Do The Little Jobs Well

Your first day will likely be a lot of waiting around and finding your place in the department. You’ll need to learn plenty of new things and the people teaching you won’t always have the time to teach you right away. If they do ask you to do some jobs, and more often than not they’ll be the small jobs, do them as best you possibly can. If it’s to get the cast water, make sure that water is stocked all day long and you offer it to them between camera setups.

Learn the coffees that each member of your department drinks. Don’t bother asking if they want one in the morning, just make them one and surprise them. A big distraction to doing these little jobs well will always be your phone — it’s there begging you to pick it up and check what’s happening on social media while you are bored locking down the back of shot or cleaning video cables. Avoid this temptation like the plague, because I guarantee the moment you pick it up and look bored is when your boss will walk past.

Alex Ferrari 2:45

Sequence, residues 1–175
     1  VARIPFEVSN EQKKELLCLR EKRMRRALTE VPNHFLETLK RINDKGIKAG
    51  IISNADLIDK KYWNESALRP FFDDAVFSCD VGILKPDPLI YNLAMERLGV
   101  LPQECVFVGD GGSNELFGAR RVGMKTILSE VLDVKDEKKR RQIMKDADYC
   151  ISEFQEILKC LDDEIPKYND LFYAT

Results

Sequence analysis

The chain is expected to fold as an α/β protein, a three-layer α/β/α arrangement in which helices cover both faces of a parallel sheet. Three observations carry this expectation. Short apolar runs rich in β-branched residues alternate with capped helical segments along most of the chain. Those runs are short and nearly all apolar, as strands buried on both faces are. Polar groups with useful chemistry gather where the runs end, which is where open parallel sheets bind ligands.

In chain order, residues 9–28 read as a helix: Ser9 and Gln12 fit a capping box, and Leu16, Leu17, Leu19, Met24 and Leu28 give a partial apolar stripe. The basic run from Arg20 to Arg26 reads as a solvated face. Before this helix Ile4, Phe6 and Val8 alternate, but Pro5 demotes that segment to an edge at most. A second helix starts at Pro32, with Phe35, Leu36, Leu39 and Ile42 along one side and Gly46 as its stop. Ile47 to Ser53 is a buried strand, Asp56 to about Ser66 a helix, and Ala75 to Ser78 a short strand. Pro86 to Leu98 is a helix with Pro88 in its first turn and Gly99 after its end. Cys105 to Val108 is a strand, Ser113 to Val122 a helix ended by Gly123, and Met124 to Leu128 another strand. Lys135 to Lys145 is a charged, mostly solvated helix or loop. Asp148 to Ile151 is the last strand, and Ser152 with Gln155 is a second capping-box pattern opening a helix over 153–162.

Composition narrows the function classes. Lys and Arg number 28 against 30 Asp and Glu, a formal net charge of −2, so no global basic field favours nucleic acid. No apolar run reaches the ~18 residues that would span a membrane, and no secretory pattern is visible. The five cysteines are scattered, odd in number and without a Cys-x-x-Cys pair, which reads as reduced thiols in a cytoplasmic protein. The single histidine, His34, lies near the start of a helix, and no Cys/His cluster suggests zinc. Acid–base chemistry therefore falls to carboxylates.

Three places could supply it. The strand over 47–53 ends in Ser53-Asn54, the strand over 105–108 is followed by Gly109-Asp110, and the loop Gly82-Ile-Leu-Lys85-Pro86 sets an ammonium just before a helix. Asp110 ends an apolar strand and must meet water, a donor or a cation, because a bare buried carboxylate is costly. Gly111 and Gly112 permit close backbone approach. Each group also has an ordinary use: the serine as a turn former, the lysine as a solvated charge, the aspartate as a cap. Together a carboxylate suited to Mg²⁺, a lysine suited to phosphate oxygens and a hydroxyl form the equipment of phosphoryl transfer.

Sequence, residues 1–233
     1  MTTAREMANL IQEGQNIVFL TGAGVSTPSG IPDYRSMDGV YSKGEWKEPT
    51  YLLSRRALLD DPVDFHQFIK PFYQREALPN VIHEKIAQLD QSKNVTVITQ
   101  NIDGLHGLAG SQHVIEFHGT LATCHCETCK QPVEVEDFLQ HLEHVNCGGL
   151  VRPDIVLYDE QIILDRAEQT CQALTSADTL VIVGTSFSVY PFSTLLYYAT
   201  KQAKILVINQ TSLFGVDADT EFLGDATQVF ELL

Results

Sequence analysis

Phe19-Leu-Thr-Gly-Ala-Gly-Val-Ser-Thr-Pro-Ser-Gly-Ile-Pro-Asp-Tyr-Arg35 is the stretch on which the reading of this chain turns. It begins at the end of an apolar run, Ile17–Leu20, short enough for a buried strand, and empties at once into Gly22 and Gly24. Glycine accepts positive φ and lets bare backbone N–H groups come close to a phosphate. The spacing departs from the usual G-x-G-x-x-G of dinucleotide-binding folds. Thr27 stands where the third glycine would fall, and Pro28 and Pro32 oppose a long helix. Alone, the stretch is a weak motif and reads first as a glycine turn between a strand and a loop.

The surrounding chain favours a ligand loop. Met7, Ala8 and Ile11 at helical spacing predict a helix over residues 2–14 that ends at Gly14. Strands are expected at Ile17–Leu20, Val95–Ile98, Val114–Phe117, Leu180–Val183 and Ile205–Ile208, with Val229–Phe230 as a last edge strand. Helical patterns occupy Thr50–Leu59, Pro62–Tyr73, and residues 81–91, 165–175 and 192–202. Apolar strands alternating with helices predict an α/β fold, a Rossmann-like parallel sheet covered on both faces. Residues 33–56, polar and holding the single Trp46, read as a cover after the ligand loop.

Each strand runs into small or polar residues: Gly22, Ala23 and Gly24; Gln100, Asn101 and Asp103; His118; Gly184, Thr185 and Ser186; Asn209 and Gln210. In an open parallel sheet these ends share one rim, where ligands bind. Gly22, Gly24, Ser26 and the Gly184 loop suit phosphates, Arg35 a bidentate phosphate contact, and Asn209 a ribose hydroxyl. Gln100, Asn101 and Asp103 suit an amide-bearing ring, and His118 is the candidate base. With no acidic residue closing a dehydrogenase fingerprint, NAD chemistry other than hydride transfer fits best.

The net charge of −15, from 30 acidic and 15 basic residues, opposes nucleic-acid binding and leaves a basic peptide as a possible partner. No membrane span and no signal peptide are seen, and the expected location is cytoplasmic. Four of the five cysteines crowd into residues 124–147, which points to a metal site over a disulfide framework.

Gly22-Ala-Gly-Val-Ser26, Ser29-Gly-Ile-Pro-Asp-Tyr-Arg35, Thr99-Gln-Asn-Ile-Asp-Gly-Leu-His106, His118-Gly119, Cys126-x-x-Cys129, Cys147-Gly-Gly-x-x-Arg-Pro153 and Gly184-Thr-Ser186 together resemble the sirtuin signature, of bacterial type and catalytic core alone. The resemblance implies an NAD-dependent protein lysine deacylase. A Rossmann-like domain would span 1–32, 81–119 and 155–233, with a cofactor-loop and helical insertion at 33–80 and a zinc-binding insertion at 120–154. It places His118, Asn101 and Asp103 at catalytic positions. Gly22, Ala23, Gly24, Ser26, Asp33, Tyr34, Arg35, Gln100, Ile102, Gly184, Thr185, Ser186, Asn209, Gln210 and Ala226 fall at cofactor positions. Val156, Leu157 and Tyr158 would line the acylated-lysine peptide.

So today's show is going to be about the seven tips to nail your first week on a film set. Now this is also this is not only for young filmmakers coming up out of film school. I've never been on a set before. But some of these tips really resonate even today, with seasoned vets that we kind of forget about some of these things. So so here's your first tip, be early, always be at least 15 minutes early to set. If you're on time You're late. I know that sounds cliche, but it's true. I always try even today when I go to set I always try to be early. It's a good sign to the crew. It's a good sign to, to the production to the production team in general as a director showing up early, but as a PA, you've got to show up early as a crew member showing up early is good because it shows whoever you're working for on that day that you're really into it that you can be counted on. Something that simple can actually get you more and more work something as simple as just showing up early. Now tip number two, read your call sheet. Now you might not know exactly what that call sheet says but you should try to figure out what they're going to be shooting that day. The more information you know about what's going on on the day of production, the more valuable you can be and the less mistakes you will make. And this goes not only for pa but for everybody on set. This is another one that tip number three wear the right clothes and the right shoes for the day. I cannot tell you how many times I was out on a set and when and when I was starting out as a filmmaker and didn't wear the proper clothes. And I was either out in the hot sun and there was no other option and I was burning up or it was super cold and I was not wearing the right clothes. I went on one set that I didn't have a jacket and I just wore a T shirt and I went up to the Hilton in Hollywood and I froze my butt off because the sun went down. I was up there and I was just inexperienced with the weather here at the time was when I first got to LA and I caught a cold I caught a cold because I was I was freezing my butt off, it was horrible. So always try to wear the right clothes. Also as pa is and and also other parts of the other departments, grips and so on. If you're wearing super baggy clothes, and you're going to be going into tight spaces, that doesn't make a lot of sense. So if you're in a tight room or going into tight spaces to kind of rig something, if you're wearing big baggy clothes is going to catch you up. I mean, you're, you're really kind of going in a battle. And this is your uniform. So you really need to know what you're going to be doing that day and dress appropriately. And the other big, big, big thing is shoes, you're going to be on your feet all day. And trust me, if you do not have comfortable shoes, you will pay, trust me, I've gone through this. Now on a one day or two days shoot you might get away with and then you just put your feet up for the next week. But if you're on a feature, that you're on this three, four or five, six weeks, and you're on location somewhere and you don't have the right shoes, you're screwed. So make sure your shoes are really comfortable as well. Now, here's Tip number four, stay all day. Because a lot of times, you know, your department might be you know, closing up as a PA or as a grip or anybody like that, or any art department any of these departments might be wrapping early. And then you might just take off home and by all means if you have a family, then go home, but or you need to be home for some reason your dogs or whatever, then go home. But if you can stay, it's really beneficial because you can sit around afterwards, talking with your colleagues, talking with your department heads, building those relationships, and hopefully, maybe even grabbing a beer with them after after the shoot. This is how you build relationships. This is how you build connections in the business. And that one beer can lead to multiple jobs later on down the line. So stick around if you can. Tip number five, ask questions. If you're just coming into a film set, especially as a PA, but in any of your departments ask questions. Now the key is to ask questions at the proper time. Now a really good time to ask these questions are either at breakfast at lunch at rap, or while you're packing up. Now Believe it or not all of these people on set learned from somebody else learned from asking questions of somebody else that they were working with or mentoring under. So most crew members are going to be really open to answering questions, giving you advice, and so on. As Matt Webb says in his book, there is this kind of nice unspoken code of passing information along to the next generation if they're willing to learn. So take advantage of this and learn things because you might learn something from somebody on set that took them years to learn and they can pass that information on to you and save you years of hardship. Just from some advice. Tip number six, this is a huge tip, know where to stand. I cannot tell you how many times I've been on a set where I have to yell at a PA or yell at a crew member who is in the shot. My advice is to stand next to gear trolleys, or camera trolleys or any kind of wherever all the gear is hanging out for your department, that's a good probably a good place to start, where to hang out and you won't be in the shot. And also if someone asks for something, you're right near the the gear so you can grab it for them and be very useful to your department. Then also guys don't make the mistake of just pulling up a chair and sitting down. Anytime I'm on a set and I see any crew member, you know, honestly just sitting around doing nothing most of the day, I don't want them back on my set, I want that crew member that's going to be moving and on their feet all the time. And when you need something, it's there. I don't have to ask for it. I mean, I've been on shoots that I literally had to yell for grips to come in from outside all day, they would just sit around outside smoking and not be there when we needed them that the DP was angry, I was angry. And it was just horrible. And guess what they never got work again. And I guarantee you that dp made sure that they never worked on any one of their sets again. So always be available to help someone but also make sure you're standing in the right place so you don't interfere with production. And the final tip, tip number seven, do the little jobs. Well, if someone asking you to make sure there's plenty of water in the cooler, that's your job, do it very well. If you can start learning what kind of coffees your department likes, even if you have to start writing them down, put them all together. It really shows a lot of initiative. And I know that sounds like I want to be a filmmaker I don't want to get people coffee. If you're working your way up in the film business and you're working your way up on set to work on set. These are the things you have to do. One of the best pieces of advice I got when I was at film school, believe it or not, was one of my film teachers said learn how to make a good cup of coffee. Because if you know how to make a good cup of coffee, you will get work. And I tell you a lot of times that is very, very true. I learned how to make really good Cuban coffee, which is a very high octane kind of coffee. And I got tons of work purely as a PA purely because I knew how to make really good coffee and it got me work got me on set, and I was learning. And one big mistake that I see a lot a lot of crew members making today on set is the second there's not something to do. They pick up their phone, they're on social media, they're tweeting, they're watching a video that doing something like that, it shows this interest, it shows that you're not interested in what's going on. And if you have a boss on the day, either your department head or a producer, or anyone like that, and they walk by and they see you on a phone, it's not a good thing. So I would stay off your phone as much as you can. And check your emails and check all that stuff at breakfast at lunch at rap. But during the day, if you can stay off your phone, I would stay off your phone. That's just my advice. So I wanted to give a big shout out to Matthew Webb, the author of set life a guide of getting a job on the film business and keeping it he wrote the article that's associated with this podcast. And I took a lot of his a lot of his tips and kind of added a few of my own in there as well. But Matthew, thank you so much. And if you want to check out his book, just head over to indie film, hustle, calm Ford slash 162. And I'll have a link in the show notes. So don't forget to head over to free film book calm that's free film book, calm and download your free filmmaking, or screenwriting audio book from audible. It helps support the show, so I greatly appreciate it. And also guys, if you like the show, please spread the word. Just head over to filmmaking podcast.com and leave us an honest review. It really helps to show out a lot and spread the word man spread the word far and wide about the podcast. I humbly thank you. And as always keep that hustle going. Keep that dream alive and I'll talk to you soon.